Real Estate & Property Law

Army Corps Blasts Hole in Levee to Save Ill., Ky. Towns, Water Level Drops, Flooded Mo. Farmers Sue

In an emergency effort to prevent floodwater from inundating towns in Illinois and Kentucky, the U.S. Army Corps of Engineers last night blasted a hole in a levee near Cairo, Ill., where the Mississippi and Ohio rivers meet.

An Army Corps spokesman says the plan seems to be working, since the water level there has already dropped by well over a foot and is expected to go down further. However, farmers in Missouri who have been flooded instead filed a class-action suit against the Corps today in the U.S. Court of Federal Claims contending that the action violated the takings clause of the Fifth Amendment and are seeking compensation, according to a PR Newswire press release and Reuters.

“In the process of breaching the levee, the U.S. Army Corps of Engineers also destroyed, or is in the process of destroying, 90 households and more than 100,000 acres of the country’s richest farmland,” said Missiouri attorney J. Michael Ponder of Cook Barkett, Ponder & Wolz, who represents the pliantiffs, in the release. “This occurred despite the fact that the Corps lacked the easement over the affected property in the floodway. What these property owners and farmers are seeking is just compensation for the land and livelihood they have lost–possibly forever or for decades.”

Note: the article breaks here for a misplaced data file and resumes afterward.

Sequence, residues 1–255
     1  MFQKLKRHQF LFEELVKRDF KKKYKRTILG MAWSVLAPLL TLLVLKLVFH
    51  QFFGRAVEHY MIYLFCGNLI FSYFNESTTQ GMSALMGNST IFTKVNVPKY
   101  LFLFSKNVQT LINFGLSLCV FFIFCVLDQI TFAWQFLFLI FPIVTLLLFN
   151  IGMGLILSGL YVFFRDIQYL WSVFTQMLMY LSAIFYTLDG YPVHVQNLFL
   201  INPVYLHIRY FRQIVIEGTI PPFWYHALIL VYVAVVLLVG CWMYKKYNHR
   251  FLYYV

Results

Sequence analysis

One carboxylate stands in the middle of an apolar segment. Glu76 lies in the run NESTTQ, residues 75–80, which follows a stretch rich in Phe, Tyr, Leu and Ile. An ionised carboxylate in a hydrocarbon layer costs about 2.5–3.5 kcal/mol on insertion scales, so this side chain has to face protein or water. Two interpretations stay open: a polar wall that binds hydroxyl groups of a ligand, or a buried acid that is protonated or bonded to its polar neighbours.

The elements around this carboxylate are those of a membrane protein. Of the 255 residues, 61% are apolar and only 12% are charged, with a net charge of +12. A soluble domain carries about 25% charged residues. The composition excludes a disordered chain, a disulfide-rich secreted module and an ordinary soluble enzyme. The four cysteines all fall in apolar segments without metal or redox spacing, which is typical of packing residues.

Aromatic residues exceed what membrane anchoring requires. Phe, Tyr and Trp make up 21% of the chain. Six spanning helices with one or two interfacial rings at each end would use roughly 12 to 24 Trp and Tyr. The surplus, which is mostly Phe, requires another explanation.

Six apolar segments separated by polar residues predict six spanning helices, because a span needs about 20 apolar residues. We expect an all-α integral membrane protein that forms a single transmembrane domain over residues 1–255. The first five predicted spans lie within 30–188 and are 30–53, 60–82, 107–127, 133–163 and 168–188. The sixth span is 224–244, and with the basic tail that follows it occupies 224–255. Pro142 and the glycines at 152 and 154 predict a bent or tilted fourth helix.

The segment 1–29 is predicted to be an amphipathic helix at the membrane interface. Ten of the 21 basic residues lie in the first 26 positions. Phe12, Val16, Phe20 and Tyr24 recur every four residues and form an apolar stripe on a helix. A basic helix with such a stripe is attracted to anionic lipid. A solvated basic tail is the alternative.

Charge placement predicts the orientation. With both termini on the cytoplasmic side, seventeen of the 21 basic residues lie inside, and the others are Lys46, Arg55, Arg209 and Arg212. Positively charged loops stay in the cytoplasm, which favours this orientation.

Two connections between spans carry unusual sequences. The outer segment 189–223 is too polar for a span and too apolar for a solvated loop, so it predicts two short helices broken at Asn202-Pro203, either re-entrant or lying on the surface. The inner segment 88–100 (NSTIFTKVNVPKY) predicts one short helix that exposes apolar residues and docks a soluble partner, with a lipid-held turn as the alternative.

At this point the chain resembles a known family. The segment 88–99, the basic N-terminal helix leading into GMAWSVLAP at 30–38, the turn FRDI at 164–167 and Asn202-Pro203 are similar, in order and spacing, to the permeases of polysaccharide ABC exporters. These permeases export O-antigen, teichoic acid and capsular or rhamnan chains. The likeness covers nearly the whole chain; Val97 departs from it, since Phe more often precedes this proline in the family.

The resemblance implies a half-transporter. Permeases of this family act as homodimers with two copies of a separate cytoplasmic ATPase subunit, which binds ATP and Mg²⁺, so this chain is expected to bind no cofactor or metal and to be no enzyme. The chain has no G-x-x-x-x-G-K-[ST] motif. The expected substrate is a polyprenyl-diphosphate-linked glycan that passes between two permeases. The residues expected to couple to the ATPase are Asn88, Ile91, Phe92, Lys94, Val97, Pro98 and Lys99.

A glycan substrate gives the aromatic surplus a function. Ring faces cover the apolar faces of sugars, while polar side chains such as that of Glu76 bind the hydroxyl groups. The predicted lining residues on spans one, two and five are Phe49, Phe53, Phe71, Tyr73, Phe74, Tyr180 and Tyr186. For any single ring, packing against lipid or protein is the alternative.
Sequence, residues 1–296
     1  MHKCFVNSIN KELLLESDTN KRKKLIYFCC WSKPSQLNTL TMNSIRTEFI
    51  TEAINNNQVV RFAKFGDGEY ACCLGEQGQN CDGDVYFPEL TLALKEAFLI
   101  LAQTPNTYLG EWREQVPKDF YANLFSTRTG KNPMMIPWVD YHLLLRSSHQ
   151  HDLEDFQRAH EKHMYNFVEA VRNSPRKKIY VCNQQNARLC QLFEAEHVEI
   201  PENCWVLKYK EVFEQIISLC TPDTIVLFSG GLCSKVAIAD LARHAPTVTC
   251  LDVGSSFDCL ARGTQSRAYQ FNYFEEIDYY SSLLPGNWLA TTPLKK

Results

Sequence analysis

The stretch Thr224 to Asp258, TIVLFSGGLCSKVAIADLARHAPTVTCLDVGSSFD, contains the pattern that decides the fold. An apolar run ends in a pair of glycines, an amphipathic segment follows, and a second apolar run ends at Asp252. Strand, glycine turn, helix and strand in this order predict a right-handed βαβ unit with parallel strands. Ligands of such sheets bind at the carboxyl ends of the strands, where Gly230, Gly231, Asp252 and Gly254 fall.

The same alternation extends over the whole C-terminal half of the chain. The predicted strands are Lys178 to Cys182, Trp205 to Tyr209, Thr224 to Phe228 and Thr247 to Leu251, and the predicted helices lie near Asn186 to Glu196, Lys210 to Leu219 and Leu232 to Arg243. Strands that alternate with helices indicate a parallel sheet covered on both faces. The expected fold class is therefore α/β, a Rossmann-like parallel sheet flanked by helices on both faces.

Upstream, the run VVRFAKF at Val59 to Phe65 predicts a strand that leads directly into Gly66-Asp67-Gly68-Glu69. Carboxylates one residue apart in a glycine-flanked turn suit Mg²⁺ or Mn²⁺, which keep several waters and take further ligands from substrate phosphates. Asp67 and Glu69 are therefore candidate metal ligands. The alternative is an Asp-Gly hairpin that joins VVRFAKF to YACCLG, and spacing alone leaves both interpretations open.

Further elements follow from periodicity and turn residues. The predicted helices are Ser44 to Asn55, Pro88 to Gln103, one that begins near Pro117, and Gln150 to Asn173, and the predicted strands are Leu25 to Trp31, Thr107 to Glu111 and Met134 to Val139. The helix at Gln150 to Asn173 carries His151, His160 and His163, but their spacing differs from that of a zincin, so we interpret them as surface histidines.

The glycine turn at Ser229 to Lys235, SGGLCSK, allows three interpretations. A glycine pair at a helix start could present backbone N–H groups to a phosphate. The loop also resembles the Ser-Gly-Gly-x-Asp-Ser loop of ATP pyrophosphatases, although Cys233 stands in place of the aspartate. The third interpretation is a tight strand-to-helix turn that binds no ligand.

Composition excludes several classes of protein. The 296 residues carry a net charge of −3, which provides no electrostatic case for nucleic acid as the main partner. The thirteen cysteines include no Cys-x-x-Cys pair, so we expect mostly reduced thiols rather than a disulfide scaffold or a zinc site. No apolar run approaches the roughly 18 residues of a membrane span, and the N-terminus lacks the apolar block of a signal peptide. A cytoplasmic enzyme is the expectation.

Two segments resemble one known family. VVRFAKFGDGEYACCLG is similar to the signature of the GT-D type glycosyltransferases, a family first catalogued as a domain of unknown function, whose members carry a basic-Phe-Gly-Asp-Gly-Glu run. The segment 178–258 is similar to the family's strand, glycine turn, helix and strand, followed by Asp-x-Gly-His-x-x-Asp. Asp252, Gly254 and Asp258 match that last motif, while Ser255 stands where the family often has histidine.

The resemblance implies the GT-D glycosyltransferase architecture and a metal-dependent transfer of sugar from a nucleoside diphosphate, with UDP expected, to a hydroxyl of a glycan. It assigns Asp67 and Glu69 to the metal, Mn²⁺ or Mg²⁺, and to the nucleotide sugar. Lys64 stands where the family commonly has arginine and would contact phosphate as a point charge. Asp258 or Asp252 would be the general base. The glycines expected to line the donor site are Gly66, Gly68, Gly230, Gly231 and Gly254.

Prior to the blast, Missouri lost an effort to get the St. Louis-based 8th U.S. Circuit Court of Appeals to intervene and prohibit the Corps from breaching the levee at Birds Point-New Madrid, and unsuccessfully sought a stay from the U.S. Supreme Court. The 8th Circuit said the Corps has broad authority to make decisions about flooding.

Additional coverage: “Supreme Court Doesn’t Stop Levee Break that Would Flood Farmland, Save Town”

Associated Press: “Army Corps breaks southeast Missouri levee”

St. Louis Post-Dispatch: “Missouri farmland swamped after levee breach to help Cairo, Ill.”

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